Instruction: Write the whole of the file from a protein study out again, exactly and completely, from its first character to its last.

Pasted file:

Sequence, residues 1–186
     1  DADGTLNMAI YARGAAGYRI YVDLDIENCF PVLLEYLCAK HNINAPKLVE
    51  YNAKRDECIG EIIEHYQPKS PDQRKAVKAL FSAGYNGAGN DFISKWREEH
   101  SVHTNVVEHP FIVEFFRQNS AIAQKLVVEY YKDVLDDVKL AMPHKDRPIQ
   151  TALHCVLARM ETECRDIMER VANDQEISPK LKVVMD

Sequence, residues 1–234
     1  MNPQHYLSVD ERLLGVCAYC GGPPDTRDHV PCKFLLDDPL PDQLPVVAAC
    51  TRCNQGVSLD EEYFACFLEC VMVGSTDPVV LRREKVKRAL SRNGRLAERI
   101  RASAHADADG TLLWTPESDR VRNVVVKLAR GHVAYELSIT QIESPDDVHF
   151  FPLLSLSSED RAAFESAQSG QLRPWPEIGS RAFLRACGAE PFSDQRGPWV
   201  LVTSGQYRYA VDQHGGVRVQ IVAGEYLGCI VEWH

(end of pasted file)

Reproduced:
Sequence, residues 1–186
     1  DADGTLNMAI YARGAAGYRI YVDLDIENCF PVLLEYLCAK HNINAPKLVE
    51  YNAKRDECIG EIIEHYQPKS PDQRKAVKAL FSAGYNGAGN DFISKWREEH
   101  SVHTNVVEHP FIVEFFRQNS AIAQKLVVEY YKDVLDDVKL AMPHKDRPIQ
   151  TALHCVLARM ETECRDIMER VANDQEISPK LKVVMD

Sequence, residues 1–234
     1  MNPQHYLSVD ERLLGVCAYC GGPPDTRDHV PCKFLLDDPL PDQLPVVAAC
    51  TRCNQGVSLD EEYFACFLEC VMVGSTDPVV LRREKVKRAL SRNGRLAERI
   101  RASAHADADG TLLWTPESDR VRNVVVKLAR GHVAYELSIT QIESPDDVHF
   151  FPLLSLSSED RAAFESAQSG QLRPWPEIGS RAFLRACGAE PFSDQRGPWV
   201  LVTSGQYRYA VDQHGGVRVQ IVAGEYLGCI VEWH